So what? Well maybe the average Peter-Paul was in the habit of stashing protection money in a “Liberal” tobacco tin in his pocket in case he got stopped by French troops…what do you think? Of course, that didn’t really solve the “chin” problem.
I researched the Italian words for “chin” and “pocket” for metaphorical meanings and usage in figures of speech. No help. I looked for a “liberale” product or trademark, same result. Still, I was almost ready to believe the phrase could be rendered as something like:
“[…]those memorable days when Italian men walked around with cash-filled tobacco tins in their pockets, for ‘bribes alla Napoleon.’”
But this rendering relied much too heavily on pure supposition. It was a literary house of cards.
I was only reading the story for fun—so I could have just let the mystery be. The odd phrase didn’t prevent me from enjoying or understanding the rest of the story. But it really bugged me. I don’t like to impose on my Italian friends for help in understanding texts except in emergencies (or unless they’re getting full credit as a co-translator). It feels like asking your plumber neighbor across the street to help you fix a leaky toilet for free. So I stewed over it for several days. I finally gave up (and in) and asked an expert—Dr. Tullio Pagano, a professor of Italian literature at Fairleigh-Dickinson University, for help.
He pointed out that “pizzo,” besides protection money, also could refer to a small beard. He surmised that this Pietropaolo wore this kind of beard. So what was a “pizzo alla Napoleonica?” Well, I googled images of the then-reigning Emperor of France, Napoleon III, and sure enough, he’s shown sporting a cute little VanDyke.
But even Tullio couldn’t explain what was meant by “in his pocket.” One of my theories was that this Pietropaolo carried a fake little beard—a “chin” —in his pocket, in case he needed a quick disguise. Another case of the mind trying to fill in what it doesn’t know with invention.
Meanwhile my friend Dr. Pagano asked a colleague of his, Luigi Cepparrone—an expert on literature of the period and on De Amicis in particular, who teaches at the University of Bergamo—what was meant by this phrase. Dr. Cepparrone’s answer came back, brutal, astonishing, and shockingly straightforward:
La frase fa riferimento alla ferocia dei briganti, schierati con i Borbone e con il Vaticano e particolarmente avversi ai liberali fautori dell’Unità. La frase vuol dire che il brigante Pietropaolo aveva trucidato un liberale, appunto, e portava come scalpo nelle tasche il mento con il pizzo alla napoleonica staccato dal viso di questo liberale. De Amicis fa riferimento a un fatto storico, di cui aveva letto nelle cronache del tempo. Il personaggio cui si fa riferimento era un vero brigante di nome Ferdinando Pietropaolo della nota banda del brigante Crocco. Una sentenza pronunciata contro Ferdinando Pietropaolo afferma: “Considerando che la ferocità di Pietropaolo è posta in evidenza anche dalla scoperta di un mento umano con pizzo alla Napoleone (imperiale) tolto a qualche disgraziato di opinioni liberali, e che Pietropaolo portava barbaramente seco».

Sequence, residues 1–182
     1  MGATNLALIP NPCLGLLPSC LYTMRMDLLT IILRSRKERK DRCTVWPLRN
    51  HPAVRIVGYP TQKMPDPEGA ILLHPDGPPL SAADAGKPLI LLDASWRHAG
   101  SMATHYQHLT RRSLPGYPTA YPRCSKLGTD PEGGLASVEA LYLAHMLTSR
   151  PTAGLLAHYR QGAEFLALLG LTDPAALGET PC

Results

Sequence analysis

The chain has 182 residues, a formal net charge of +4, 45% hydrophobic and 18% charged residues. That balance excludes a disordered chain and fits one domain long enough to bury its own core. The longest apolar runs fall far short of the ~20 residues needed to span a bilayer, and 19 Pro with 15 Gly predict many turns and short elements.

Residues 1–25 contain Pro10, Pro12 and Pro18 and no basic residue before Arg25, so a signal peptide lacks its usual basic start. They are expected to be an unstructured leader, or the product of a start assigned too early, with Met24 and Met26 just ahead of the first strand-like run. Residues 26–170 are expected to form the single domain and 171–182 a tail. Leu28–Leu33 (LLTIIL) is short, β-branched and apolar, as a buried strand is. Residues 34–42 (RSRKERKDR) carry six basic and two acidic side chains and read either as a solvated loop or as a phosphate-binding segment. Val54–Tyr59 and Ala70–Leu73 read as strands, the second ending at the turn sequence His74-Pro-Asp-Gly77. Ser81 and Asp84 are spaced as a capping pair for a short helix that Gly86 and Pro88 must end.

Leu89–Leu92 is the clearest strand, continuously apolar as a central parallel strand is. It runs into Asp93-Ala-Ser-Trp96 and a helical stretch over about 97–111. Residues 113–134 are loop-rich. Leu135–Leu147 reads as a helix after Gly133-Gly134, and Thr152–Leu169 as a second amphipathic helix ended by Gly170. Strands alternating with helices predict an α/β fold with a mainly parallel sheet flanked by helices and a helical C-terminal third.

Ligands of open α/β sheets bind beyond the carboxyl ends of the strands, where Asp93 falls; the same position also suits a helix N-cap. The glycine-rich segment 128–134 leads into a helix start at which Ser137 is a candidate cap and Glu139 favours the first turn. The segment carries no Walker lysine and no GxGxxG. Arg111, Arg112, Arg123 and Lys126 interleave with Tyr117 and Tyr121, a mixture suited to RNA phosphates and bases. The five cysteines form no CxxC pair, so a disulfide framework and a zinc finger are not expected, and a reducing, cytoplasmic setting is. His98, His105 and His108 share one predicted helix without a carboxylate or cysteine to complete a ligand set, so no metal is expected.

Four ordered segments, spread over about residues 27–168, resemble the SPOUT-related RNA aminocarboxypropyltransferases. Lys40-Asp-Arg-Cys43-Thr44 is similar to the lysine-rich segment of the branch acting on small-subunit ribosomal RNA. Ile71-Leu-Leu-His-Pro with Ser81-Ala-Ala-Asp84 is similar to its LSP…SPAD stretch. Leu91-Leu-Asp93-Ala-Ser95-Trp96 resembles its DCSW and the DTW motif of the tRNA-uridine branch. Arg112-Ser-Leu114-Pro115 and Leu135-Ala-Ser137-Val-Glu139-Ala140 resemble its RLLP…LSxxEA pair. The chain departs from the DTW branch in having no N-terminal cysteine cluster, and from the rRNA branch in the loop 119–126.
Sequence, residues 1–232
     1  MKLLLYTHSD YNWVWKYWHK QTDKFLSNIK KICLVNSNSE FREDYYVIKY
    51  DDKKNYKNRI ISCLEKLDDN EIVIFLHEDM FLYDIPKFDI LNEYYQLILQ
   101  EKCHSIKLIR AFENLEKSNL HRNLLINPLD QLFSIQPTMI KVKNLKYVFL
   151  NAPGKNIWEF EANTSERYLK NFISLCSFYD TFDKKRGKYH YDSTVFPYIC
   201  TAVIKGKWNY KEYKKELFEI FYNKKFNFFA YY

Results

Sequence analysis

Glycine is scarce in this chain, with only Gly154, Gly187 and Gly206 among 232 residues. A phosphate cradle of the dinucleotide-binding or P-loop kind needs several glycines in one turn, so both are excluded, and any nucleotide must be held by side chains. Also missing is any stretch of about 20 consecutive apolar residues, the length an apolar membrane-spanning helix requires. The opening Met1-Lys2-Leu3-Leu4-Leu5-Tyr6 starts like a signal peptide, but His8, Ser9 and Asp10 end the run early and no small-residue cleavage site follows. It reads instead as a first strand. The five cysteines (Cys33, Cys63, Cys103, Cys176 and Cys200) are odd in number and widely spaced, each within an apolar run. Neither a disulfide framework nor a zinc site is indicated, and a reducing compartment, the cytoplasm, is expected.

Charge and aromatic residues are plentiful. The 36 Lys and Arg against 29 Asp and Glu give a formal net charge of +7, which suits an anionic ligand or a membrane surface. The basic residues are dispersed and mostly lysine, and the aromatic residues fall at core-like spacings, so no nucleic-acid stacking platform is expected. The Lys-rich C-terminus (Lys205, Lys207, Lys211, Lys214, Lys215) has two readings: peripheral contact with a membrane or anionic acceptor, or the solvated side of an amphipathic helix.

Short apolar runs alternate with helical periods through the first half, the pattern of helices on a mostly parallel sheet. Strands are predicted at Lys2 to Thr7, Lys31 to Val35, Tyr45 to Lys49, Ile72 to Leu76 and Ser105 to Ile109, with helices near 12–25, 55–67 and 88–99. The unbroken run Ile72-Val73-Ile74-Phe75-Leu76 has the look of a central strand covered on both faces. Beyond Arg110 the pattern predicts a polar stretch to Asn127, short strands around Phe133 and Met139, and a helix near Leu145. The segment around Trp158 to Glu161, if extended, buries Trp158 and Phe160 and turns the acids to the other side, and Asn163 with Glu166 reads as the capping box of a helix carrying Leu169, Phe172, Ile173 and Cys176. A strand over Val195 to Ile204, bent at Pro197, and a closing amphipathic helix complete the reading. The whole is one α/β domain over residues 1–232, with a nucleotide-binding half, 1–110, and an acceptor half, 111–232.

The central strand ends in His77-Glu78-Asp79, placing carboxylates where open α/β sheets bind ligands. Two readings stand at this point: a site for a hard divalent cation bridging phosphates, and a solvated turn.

“The phrase refers to the ferocity of the brigands, aligned with the Bourbons and the Vatican and opposed to the liberal proponents of a unified Italy. The phrase means that the brigand Pietropaolo had in fact murdered a liberal and carried in his pocket, like a scalp, the chin with the Napoleonic beard cut from the face of this liberal. De Amicis is referring to an historical fact, which he had read about in the newspapers of the day. The person to whom he refers was a real brigand named Ferdinando Pietropaolo, of the famous Crocco gang. A sentence pronounced against Pietropaolo specifies: ‘considering that the ferocity of Pietropaolo is affirmed even by the discovery of a human chin with a beard alla Napoleone cut from some unfortunate of liberal opinions, which Pietropaolo barbarically carried around.’”
So I was mistaken on every single aspect of this brief phrase. Pietropaolo was an actual person. He quite literally carried a chin in his pocket. The chin had a beard, not a bribe. The ‘liberal’ was a liberal, not a box of snuff or a pack of cigarettes.
So what are the lessons of this tale?
First: it’s dangerous to satisfy your confusion about the meaning of a text by just guessing what would make the most sense, and hoping for the best.
Second: context, context, context! If I had kept the rest of that sentence in mind, I would have seen that the phrase in question had to be something pretty grisly.
Third: sometimes the literal meaning is…the meaning. Sometimes a chin carried in a pocket is just…a chin carried in a pocket!
Fourth: sometimes there is no substitute for an expert opinion! My thanks to Tullio Pagano and Luigi Cepparone for untying this knot for me.